RS: Well, it is really no surprise to me. I saw what you called the “pent-up demand” prior to embarking on this venture. I do think, though, that it is a surprise to a lot of people that have been involved in the broader apologetics and worldview movement. They have been at this for years doing the difficult work of breaking up the hard ground and preparing people to take part. I imagine it could be discouraging to beat the drum for so long and not see a greater response in terms of numbers. But that was necessary preparation. Ratio Christi would like to figure out how to drive apologetics and worldview training down to the local level using the waiting troops (the “pent-up demand” as you called it). The ministries that provide scholarships, speakers, books, curricula, and other resources are vital, as are the seminaries that are training apologists. We simply want to put “boots on the ground.” Ratio Christi wants to maintain a permanent presence on campus and in communities while using and promoting the resources of these other ministries.
TBS: Your web site indicates that you are actively recruiting faculty at secular universities to serve as directors of local Ratio Christi chapters. What luck have you had so far with this initiative? What sort of faculty have you been able to recruit so far? What types of faculty have an interest in serving as chapter directors?
RS: Most of our initial interest comes from people who are trained apologists who want to do this work on campus, but we have had several faculty members also decide to serve as our initial chapter director to get things started. A few of the professors we have are PhDs with degrees in Computer Engineering, Biomedical Engineering, and Business Administration, for example. The other capacity where they can serve with Ratio Christi is as the Faculty Advisor that is required for student clubs by most universities. We have a wide diversity of highly credentialed faculty participating as advisors, lecturers, and mentors. Ratio Christi is also in the process of working with faculty ministries like Faculty Commons to connect our apologists to faculty all over the country.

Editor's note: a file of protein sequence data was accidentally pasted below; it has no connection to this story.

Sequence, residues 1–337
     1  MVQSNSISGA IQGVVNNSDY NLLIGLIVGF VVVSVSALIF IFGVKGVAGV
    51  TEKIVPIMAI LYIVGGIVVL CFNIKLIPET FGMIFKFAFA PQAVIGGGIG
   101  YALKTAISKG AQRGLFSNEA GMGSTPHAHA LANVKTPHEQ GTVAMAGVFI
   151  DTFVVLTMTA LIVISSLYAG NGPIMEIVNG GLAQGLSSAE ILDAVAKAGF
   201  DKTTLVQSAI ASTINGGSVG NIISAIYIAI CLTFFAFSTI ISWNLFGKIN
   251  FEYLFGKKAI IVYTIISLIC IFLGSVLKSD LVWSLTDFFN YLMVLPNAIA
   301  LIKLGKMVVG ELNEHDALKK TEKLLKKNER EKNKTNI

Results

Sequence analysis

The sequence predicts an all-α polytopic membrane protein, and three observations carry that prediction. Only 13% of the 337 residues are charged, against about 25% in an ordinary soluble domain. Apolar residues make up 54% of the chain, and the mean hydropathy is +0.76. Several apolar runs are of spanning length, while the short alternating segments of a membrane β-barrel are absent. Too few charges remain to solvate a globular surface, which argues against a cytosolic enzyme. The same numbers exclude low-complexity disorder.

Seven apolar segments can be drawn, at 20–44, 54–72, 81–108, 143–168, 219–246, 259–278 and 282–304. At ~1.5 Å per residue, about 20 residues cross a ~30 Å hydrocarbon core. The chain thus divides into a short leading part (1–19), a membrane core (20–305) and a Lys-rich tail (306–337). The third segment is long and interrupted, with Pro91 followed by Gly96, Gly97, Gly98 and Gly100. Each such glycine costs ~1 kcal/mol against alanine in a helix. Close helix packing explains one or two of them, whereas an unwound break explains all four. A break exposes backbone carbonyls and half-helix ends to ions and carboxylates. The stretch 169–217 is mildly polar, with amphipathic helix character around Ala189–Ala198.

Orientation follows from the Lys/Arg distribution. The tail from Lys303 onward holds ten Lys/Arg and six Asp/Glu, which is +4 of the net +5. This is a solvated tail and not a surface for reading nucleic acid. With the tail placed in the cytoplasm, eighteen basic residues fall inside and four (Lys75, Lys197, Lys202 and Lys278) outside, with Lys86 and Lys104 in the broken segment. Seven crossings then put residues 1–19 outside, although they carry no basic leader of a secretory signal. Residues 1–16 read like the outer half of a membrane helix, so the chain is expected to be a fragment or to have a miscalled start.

TBS: You emphasize “discipleship” as a key to accomplishing your goals. That word brings to mind Dietrich Bonhoeffer’s well-known book, The Cost of Discipleship. Do you recommend his books to the students in your chapters? As far as that goes, do you have anything in the nature of a curriculum or a recommended reading list that you make available for students? Could you please give us a few examples of authors whose work you view as especially in harmony with your own vision of Christian apologetics in the academy today?
RS: Each campus is different. Each group of students is different. We encourage our apologists to work with the students to see what they are most interested in studying. RC does not have our own curriculum—there is no need for it. The clubs use the resources from all the other apologetics and worldview ministries and organization that do that work. They are our partners in building this grassroots organization, and we are here to engage them as speakers and use their resources. We use a lot of resources from William Lane Craig, Mike Licona, Gary Habermas, Norm Geisler, Peter Kreeft, Hugh Ross, Frank Turek, Jay Richards, and so many others. Currently, we are encouraging our chapters to use a new product on ethics by Chuck Colson called Doing the Right Thing. In the end, however, it is really up to the student officers and chapter director to pick the material that best suits their students.